The Writers’ Union of Canada Calls for a Cultural Focus in Federal Campaigns

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For Immediate Release:

The Writers’ Union of Canada Calls for a Cultural Focus in Federal Campaigns

Toronto – The Writers’ Union of Canada (TWUC) encourages all parties and all candidates in the October 19th election to focus on culture and why cultural issues matter.“Canadian culture matters to Canadians because it offers a roadmap through the swamp of managed messaging,” said TWUC Chair, Heather Menzies. “It serves as a compass too, pointing to what’s important in a free, democratic society founded on the principles of mutual respect and recognition.”

With most of the election focus on economic issues, TWUC reminds all candidates that cultural creation and cultural consumption are also vital to Canada’s economy, as well as to the well-being of its citizens, and the common good. Right now, however, our culture is suffering economically.

TWUC’s main concerns are as follows:

1. Funding for Canada’s cultural creators is inadequate, and the cultural economy reflects this. A recent TWUC study found, for instance, that Canada’s writers make 27% less from their writing than they did in 1998 (see below for more detail). All parties should commit to increased funding through various established and new mechanisms.

2. 2012’s Copyright Modernization Act caused sweeping, if unintended, damage to cultural creation in Canada without benefiting students or teachers.  The evidence is now in on that damage, with an initial $30 million loss in licensing income and no attendant benefit to end-users. Canadian teachers and students are now less likely to study Canadian works than before (see below for more detail). All parties should commit to an immediate and substantive review of the 2012 Copyright Act changes.

3. Self-employed writers and artists have incomes that can fluctuate dramatically from year to year, and are often punished for their success in a given year because of inflexible tax policy. All parties should commit toprogressive tax provisions to encourage cultural creation.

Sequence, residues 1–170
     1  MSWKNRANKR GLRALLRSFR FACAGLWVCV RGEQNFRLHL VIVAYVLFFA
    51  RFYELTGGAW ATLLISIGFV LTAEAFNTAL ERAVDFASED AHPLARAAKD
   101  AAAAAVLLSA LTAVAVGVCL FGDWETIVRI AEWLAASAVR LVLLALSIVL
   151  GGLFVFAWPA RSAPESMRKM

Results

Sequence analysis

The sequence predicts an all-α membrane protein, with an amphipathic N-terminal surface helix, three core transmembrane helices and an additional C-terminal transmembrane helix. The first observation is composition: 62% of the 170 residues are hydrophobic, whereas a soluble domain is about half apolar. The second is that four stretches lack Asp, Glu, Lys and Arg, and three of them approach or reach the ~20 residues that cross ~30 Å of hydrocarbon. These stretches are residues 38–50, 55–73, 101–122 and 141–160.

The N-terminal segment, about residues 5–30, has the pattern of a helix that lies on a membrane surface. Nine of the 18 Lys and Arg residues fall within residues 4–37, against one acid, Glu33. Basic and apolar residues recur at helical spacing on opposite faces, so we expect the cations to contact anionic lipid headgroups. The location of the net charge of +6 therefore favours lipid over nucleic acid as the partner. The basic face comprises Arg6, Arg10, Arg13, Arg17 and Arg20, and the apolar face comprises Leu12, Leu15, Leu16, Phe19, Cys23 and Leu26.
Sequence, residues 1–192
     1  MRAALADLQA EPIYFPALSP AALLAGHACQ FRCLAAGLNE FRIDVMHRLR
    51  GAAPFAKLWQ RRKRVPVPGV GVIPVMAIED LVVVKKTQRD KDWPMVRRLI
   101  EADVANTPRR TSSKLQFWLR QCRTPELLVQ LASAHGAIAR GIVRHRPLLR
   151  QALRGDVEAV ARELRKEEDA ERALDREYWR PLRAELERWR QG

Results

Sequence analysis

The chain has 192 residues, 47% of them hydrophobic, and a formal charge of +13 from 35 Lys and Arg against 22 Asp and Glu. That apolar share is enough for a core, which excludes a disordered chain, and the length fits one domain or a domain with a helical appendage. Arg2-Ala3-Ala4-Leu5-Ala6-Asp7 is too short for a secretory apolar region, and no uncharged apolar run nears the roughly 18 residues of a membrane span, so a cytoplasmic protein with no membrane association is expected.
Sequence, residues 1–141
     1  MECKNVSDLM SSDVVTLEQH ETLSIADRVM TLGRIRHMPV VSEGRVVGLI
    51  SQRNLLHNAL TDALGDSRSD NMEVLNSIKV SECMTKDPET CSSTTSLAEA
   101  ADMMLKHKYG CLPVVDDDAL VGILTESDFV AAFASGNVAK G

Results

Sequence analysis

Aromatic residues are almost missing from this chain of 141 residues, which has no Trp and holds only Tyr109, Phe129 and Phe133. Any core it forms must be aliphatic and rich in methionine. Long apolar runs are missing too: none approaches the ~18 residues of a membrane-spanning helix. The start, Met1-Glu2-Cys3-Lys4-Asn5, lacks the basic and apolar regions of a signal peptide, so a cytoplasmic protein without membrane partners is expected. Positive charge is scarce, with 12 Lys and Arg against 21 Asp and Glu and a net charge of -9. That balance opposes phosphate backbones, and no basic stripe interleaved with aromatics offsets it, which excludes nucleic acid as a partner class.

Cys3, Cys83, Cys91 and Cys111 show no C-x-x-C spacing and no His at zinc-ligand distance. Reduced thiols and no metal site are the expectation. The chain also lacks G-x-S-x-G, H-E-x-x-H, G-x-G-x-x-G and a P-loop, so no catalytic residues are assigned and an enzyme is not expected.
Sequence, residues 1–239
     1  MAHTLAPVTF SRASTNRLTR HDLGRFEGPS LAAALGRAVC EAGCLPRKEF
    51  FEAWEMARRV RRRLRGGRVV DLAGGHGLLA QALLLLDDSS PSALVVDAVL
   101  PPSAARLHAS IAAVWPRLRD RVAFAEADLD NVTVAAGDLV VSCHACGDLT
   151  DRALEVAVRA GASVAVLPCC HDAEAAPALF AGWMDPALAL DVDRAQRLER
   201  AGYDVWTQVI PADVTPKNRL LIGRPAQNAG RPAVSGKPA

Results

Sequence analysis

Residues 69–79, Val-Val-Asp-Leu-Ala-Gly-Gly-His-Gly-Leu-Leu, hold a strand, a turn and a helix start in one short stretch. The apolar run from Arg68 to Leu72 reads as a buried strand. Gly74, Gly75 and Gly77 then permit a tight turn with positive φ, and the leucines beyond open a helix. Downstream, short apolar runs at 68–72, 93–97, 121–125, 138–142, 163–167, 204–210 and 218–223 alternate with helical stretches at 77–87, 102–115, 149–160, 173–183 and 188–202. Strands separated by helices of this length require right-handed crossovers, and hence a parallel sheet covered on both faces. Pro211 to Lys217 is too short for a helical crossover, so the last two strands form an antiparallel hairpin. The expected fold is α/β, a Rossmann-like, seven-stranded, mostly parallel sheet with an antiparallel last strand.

“This is not just about funding or taxes,” stressed Menzies. “It’s about the sustainability of creation in Canada. We want to hear questions about sustaining Canada’s creative industries at all of the leader debates and all-candidates meetings.”

From The Writers’ Union of Canada’s recent income survey report:
  • Today’s writer does more to earn less. Taking inflation into account, writers are making 27% less than they were making in 1998 from their writing, while 45% of writers say they must do more to earn a living now.
  • The work of writers fuels an almost 2 billion dollar industry, and yet more than 80% earn an income from their writing that is below the poverty line.
  • Women, who represent the majority in the industry, earn 55% of the income male writers do.
In a recent survey by 11 Canadian-owned higher-education publishers searching for 55 of their books in 10 university libraries, they found:
  • the titles were found only 20% of the time in digital form;
  • the titles were found in any form only 69% of the time;
  • the titles were not found at all in any form 31% of the time.
The Writers’ Union of Canada is our country’s national organization representing more than 2,000 professional authors of books. The Union is dedicated to fostering writing in Canada, and promoting the rights, freedoms, and economic well-being of all writers.


For additional information:

Heather Menzies, Chair
The Writers’ Union of Canada
[email protected]

John Degen,
Executive Director                                                    
416.703.8982 Ext. 221
[email protected]

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